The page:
One of the ways I’m beguiling my time in my golden years is watching old episodes of NYPD Blue. I enjoyed the show when it first aired, like millions of other viewers, and now, many years later, I am deeply impressed by the quality of the writing, the cinematography, the score, and, above all, the acting.
The characters all go way over the top, but this is New York! My favorite is Gail O’ Grady as Donna Abandando, a luscious blonde with colorful sweaters who’s a big Rangers fan and likes to go ice skating. Greg Medavoy (Gordon Clapp) and James Martinez (Nicholas Turturro) are both beautifully rendered characters who quickly become good friends.
In the first season the chemistry between John Kelly, played by David Caruso, and Andy Sipowicz, played by Dennis Franz, was nothing short of amazing, and when Caruso left the show, it was a big question whether Jimmy Smits, as Sipowicz’s new partner, Bobby Simone, could capture the same spirit. I thought at the time that he was a little too much of a glamour puss.
But Smits, as Bobby Simone, did a great job, gunning down the punk cops who killed Andy’s son and romancing Diane Russell (Kim Delaney) another 15th Squad detective. My one little beef was he took a bit too long to die, like three episodes.
Likewise when Smits left the show, it was a big question whether Ricky Schroeder, as Sipowicz’s new partner Danny Sorenson, could keep the chemistry alive. Schroeder answered that definitively on his first appearance, and the show barreled on.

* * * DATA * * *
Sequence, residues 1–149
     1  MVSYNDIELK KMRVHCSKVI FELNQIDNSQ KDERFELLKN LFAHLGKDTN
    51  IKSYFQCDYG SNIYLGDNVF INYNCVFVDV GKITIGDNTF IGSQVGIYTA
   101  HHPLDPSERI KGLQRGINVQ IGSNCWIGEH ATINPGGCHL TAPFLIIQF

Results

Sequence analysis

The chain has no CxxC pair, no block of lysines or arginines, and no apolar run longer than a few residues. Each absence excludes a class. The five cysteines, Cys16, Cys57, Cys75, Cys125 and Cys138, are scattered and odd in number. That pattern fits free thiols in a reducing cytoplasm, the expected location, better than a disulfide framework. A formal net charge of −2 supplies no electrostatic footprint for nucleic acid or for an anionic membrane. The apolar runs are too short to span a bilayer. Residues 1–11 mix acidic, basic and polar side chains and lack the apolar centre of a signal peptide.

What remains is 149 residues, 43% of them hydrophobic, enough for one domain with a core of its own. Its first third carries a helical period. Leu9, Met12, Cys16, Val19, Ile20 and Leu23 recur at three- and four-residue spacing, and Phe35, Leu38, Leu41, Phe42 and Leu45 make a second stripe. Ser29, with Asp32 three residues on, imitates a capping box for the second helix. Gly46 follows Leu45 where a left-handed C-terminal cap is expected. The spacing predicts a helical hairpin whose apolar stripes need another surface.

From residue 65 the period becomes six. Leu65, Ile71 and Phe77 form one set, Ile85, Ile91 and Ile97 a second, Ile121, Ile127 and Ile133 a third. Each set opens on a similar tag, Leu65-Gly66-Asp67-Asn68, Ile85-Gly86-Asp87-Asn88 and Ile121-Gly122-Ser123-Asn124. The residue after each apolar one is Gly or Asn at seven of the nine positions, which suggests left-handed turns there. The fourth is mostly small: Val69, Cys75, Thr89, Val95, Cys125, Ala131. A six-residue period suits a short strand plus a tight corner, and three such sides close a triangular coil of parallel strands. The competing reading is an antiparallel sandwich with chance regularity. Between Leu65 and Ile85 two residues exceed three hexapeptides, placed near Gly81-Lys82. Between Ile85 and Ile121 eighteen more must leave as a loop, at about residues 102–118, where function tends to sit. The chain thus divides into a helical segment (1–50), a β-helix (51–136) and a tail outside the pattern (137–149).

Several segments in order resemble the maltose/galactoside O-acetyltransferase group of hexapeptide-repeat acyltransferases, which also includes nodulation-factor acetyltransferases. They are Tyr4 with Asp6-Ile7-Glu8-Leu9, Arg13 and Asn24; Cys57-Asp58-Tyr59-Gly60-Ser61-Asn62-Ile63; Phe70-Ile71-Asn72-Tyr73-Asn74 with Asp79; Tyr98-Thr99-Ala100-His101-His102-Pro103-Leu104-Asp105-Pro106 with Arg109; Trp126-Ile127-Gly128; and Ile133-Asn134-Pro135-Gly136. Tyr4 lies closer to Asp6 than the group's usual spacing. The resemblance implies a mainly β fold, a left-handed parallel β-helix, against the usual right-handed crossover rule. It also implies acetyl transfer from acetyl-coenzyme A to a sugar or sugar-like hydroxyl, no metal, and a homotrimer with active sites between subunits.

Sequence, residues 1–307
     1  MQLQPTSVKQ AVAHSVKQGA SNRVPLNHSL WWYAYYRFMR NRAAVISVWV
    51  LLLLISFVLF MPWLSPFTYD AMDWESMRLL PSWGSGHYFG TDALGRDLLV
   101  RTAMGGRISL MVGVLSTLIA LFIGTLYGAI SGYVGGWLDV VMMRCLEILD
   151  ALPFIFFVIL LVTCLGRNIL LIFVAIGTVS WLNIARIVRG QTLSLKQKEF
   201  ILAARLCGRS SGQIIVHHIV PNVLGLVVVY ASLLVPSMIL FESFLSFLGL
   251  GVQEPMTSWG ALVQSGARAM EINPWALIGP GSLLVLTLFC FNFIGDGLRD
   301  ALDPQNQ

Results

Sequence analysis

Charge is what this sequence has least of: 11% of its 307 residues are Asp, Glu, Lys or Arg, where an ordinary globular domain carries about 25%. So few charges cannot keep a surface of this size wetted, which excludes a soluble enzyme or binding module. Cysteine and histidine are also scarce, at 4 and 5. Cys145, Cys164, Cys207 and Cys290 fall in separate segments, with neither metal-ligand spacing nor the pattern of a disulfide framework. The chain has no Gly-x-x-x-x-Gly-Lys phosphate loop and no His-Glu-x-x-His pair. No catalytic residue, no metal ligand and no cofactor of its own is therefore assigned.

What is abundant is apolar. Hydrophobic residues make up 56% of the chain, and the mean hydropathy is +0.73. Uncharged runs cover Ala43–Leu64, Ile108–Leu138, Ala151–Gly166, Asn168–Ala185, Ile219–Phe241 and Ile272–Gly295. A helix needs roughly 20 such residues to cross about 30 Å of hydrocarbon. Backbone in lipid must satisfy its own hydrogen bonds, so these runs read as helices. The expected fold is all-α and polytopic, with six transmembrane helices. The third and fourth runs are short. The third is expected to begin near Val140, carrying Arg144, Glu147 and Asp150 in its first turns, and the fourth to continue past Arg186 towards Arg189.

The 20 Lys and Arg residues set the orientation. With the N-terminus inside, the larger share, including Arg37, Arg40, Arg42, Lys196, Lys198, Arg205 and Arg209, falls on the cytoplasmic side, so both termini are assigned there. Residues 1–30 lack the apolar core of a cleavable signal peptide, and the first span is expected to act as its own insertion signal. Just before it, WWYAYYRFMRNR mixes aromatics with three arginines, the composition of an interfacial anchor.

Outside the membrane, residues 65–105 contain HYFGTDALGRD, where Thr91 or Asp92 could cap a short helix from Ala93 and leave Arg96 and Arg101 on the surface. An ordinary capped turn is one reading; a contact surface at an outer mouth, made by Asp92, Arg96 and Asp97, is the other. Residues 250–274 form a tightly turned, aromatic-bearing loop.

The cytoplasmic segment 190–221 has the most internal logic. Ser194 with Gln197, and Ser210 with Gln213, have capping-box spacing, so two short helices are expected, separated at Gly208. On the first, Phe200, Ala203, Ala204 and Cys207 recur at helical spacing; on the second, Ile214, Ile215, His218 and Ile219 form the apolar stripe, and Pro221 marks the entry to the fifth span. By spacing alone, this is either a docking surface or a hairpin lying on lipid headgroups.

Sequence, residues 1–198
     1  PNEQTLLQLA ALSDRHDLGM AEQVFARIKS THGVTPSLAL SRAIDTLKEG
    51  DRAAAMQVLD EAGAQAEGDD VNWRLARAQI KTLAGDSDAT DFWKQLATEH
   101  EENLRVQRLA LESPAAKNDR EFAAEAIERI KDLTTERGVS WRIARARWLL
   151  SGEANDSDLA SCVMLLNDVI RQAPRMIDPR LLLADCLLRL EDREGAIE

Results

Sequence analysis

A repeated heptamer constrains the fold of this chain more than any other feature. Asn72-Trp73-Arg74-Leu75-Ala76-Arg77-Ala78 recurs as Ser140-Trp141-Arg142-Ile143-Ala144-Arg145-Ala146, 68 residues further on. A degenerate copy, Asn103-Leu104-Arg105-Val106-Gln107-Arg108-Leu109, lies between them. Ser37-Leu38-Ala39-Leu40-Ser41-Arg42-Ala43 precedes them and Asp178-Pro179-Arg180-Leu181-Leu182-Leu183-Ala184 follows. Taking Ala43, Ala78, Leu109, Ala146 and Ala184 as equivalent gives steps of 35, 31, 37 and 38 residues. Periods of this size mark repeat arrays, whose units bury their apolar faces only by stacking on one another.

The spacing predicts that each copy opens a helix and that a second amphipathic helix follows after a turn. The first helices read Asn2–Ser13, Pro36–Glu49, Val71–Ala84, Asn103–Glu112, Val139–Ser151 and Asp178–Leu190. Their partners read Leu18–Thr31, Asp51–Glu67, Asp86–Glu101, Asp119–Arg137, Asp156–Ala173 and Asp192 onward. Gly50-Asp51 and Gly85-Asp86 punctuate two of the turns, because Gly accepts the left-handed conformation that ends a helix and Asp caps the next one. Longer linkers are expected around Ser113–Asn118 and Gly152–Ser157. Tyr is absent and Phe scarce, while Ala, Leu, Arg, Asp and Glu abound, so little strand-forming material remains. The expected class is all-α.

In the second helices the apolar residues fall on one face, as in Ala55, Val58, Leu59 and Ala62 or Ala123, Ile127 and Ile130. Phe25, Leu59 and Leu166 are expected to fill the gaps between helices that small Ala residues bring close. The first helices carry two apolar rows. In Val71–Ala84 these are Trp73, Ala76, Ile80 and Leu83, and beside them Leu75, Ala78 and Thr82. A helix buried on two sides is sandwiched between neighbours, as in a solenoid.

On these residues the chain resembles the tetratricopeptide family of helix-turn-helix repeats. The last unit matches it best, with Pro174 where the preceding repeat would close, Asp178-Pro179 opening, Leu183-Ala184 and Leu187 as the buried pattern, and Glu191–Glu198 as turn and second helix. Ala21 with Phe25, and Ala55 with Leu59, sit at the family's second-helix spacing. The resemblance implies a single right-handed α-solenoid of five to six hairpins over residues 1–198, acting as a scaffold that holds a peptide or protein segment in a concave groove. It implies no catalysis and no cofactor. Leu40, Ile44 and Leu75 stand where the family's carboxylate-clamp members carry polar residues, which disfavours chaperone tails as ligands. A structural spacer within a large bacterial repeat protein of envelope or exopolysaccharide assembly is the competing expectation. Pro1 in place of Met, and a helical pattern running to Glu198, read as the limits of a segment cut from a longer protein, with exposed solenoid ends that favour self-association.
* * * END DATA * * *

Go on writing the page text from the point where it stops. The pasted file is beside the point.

That was partly because of great characters like Diane Russell, Lieutenant Fancy (James McDaniel) and John (Gay John) Irvin (Bill Brochtrup), but it was mostly because of the subplots devised by Daivid Milch and Steve Bochco and especially Bill Clark, who was a NYPD detective for 25 years.
Nowadays, in Hollywood, the pimp has to be a white woman and the killer has to be either the businessman, the preacher, or the senator. On NYPD Blue the perps were distributed more evenly – black, white, gay, straight, male, female – and there was no mistaking the authenticity of the plots.
That’s why, even in the later seasons, when Delaney, and Clapp, and Turturro, and Brochtrup and McDaniel were gone, the series was still riveting. Compelling as these 15th Squad characters were, the series was still carried along by the skels and scumbags and nutjobs that provided a showcase for countless New York actors.
And, of course, Andy Sipowicz. The question of the day is why millions of people all over this country cared about a racist, alchoholic, homophobic cop who was shot to pieces in the first episode. And the answer is that Dennis Franz made them care.
Sipowicz was a great cop. When the little girl was missing, he found her. When the sadistic killer was about to go free, he made him confess, even when his own life was a shambles and the only thing he could control was his fish tank.
Sipowicz’s efforts to quit drinking and take control of his life engrossed America and if he walked into a bar we all gave a collective gasp.
In truth, Andy Sipowicz is the hope of America – a former racist who has changed his views, a former alcoholic who not longer drinks, a former homophobe who asks Gay John to babysit his son, and still a first-rate cop who takes killers and rapists off the streets.
Together with David Milch, Steven Bochco, and Bill Kelly, Dennis Franz created one of the most important characters in television history.